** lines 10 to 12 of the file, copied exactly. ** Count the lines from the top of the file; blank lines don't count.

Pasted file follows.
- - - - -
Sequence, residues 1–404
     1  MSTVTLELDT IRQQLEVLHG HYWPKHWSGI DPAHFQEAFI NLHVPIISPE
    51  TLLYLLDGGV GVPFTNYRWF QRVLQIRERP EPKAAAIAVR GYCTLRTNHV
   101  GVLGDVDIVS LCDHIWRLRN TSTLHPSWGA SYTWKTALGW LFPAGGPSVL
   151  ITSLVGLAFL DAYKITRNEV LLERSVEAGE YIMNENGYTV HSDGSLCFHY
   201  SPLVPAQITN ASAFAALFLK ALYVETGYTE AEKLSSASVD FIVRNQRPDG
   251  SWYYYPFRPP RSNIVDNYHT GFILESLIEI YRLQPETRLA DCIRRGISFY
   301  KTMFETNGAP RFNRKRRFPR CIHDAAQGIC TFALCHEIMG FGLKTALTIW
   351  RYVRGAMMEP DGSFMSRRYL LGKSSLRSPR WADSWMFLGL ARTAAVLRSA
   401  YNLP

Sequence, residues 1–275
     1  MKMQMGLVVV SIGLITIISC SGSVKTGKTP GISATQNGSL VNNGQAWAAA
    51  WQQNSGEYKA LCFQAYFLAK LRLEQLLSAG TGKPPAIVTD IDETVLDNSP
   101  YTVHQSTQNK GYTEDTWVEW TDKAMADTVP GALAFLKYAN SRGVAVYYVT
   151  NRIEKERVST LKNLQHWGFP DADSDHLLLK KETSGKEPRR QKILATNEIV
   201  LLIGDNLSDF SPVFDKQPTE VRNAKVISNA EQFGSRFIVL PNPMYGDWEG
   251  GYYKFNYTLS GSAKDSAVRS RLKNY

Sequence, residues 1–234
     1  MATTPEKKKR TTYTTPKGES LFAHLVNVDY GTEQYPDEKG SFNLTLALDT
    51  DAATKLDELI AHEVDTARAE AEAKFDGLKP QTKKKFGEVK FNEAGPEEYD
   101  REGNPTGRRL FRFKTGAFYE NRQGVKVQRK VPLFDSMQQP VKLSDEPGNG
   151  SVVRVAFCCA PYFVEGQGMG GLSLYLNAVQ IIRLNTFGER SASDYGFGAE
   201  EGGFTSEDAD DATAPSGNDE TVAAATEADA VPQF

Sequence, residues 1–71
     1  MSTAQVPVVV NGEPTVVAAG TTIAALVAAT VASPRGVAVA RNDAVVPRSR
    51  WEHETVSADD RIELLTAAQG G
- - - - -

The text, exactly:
   401  YNLP

Sequence, residues 1–275
     1  MKMQMGLVVV SIGLITIISC SGSVKTGKTP GISATQNGSL VNNGQAWAAA